Engineering Explorations – Off to the Races

Engineering Explorations – Off to the Races

It was off to the boat races! After a week of perfecting their designs, our engineers finally had the chance to test out their boats. There were two races – one that tested for the speed of the boat and one that tested the load capacity of the boat. First, the boats raced to see which one was the fastest, with there being one winner overall. After that, the boats were set stationary in the water and weight was added to see which design was the lightest while also holding the most weight. Some groups chose to focus on speed while others focused on the load capacity. Were their designs successful in the end? Ask your camper to find out! 

Ask your camper: What did your boat look like, and how did it hold up during the races?

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Engineering Explorations – Rube Goldberg

Engineering Explorations – Rube Goldberg

Second-to-last day of our engineering extravaganza week and our enterprising engineers should be feeling very excited and proud as their Rube Goldberg projects are starting to come to completion. Today students continued testing and troubleshooting their actions and working to link the actions of their simple machines together within their larger contraption to ensure that their machine is iterative (repeatable) and reliable. Teams then proceeded to document their inventions so that they are ready to present their creations to the whole on our final day tomorrow.

Ask your camper: What were some obstacles you had to troubleshoot and find solutions for your invention today?

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Engineering Explorations – Hull Designs

Engineering Explorations – Hull Designs

Our engineers worked hard the last two days to create a boat that floats and holds weight with a working propeller. The next step was to design an ideal hull for their boats. First our campers learned about the different hull types and the situations they are best used for. After researching the types and identifying points of failure in each one, our campers went back to the drawing board and revamped their own boats. The campers chose whether to create a hull that focused on speed, holding weight, or a combination of both!

Ask your camper: What are points of failure? Aspects of the design or building that are either additional constraints or are not conducive to the solution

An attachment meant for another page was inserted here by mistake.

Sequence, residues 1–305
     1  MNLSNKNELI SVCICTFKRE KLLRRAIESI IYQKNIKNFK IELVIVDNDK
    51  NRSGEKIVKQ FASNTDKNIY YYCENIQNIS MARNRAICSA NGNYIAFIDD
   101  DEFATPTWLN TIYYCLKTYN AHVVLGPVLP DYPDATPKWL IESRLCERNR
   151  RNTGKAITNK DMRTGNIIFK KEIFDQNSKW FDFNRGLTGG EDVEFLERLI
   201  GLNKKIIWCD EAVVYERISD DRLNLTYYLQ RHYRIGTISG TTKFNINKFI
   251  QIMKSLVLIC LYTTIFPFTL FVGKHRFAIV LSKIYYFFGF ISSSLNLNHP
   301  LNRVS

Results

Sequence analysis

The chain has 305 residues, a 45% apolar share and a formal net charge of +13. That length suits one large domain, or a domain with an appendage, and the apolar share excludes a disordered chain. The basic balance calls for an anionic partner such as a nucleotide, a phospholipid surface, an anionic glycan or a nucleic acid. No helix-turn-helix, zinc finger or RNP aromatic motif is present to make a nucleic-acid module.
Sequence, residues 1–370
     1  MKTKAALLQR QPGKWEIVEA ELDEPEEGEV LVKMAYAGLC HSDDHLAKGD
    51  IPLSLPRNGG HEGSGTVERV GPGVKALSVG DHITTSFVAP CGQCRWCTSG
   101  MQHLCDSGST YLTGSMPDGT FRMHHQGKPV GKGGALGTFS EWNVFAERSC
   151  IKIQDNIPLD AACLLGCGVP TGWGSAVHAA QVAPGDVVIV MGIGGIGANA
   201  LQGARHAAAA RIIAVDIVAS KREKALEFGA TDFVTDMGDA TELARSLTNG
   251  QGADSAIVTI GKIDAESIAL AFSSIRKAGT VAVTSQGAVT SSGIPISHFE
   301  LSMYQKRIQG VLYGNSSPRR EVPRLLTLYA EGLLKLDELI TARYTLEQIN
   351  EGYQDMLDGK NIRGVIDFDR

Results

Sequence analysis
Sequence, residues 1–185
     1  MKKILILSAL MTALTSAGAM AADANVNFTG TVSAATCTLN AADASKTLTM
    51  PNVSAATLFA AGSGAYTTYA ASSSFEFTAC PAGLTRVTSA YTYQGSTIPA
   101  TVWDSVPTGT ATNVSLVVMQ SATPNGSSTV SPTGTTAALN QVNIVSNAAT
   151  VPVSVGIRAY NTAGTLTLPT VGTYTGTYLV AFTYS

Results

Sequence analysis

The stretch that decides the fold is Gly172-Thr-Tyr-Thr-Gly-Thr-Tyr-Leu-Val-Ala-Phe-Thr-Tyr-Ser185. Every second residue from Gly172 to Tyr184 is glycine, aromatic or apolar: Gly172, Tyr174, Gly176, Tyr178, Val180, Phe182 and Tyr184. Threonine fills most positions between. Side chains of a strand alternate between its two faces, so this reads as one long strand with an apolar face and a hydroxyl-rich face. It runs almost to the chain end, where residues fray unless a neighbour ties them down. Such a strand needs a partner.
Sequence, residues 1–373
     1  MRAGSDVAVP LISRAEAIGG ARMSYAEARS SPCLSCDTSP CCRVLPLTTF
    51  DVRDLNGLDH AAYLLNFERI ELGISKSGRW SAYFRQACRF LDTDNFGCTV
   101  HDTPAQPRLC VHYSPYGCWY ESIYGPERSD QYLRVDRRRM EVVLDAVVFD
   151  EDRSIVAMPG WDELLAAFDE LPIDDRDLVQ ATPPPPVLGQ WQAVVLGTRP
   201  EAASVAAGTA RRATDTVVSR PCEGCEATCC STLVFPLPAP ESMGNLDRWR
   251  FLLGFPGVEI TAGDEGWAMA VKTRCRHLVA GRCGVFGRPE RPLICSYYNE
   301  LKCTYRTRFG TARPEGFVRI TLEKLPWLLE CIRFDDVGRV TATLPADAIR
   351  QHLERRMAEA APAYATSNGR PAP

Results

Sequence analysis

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Engineering Explorations – Quantities in Circuits

Engineering Explorations – Quantities in Circuits

Our Electrical Engineers were challenged to study and measure the voltage of different batteries using a particular type of equipment called a multimeter. But first, they ranked a variety of batteries based on what they thought was logical (usually size/shape).  Campers then measured the voltage of each battery to determine whether or not they need to revise their initial rankings. It was quite a “shock” that a huge D battery has the same amount of voltage as a much smaller AAA battery (1.5v) and a tiny coin battery has more voltage (3v) than a big D battery (1.5v). 

Ask your camper: Why would differently-sized batteries be needed if they all (AAA, AA, C and D) have the same voltage (1.5v)? (depends on the amount of current that is needed for the device that requires batteries)

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Engineering Explorations – Model Lungs

Engineering Explorations – Model Lungs

Our biomedical engineers have just arrived at Summer @ IMSA and they are ready for a challenging task! Today, in Engineering Explorations, the students learned about the anatomy of the heart and lungs and how they function in the human body. Our bioengineers built their own working model of a lung and demonstrated how the diaphragm works based on air pressure differentials. The end goal of the day was to relate the lung model to relevant heart anatomy and physiology.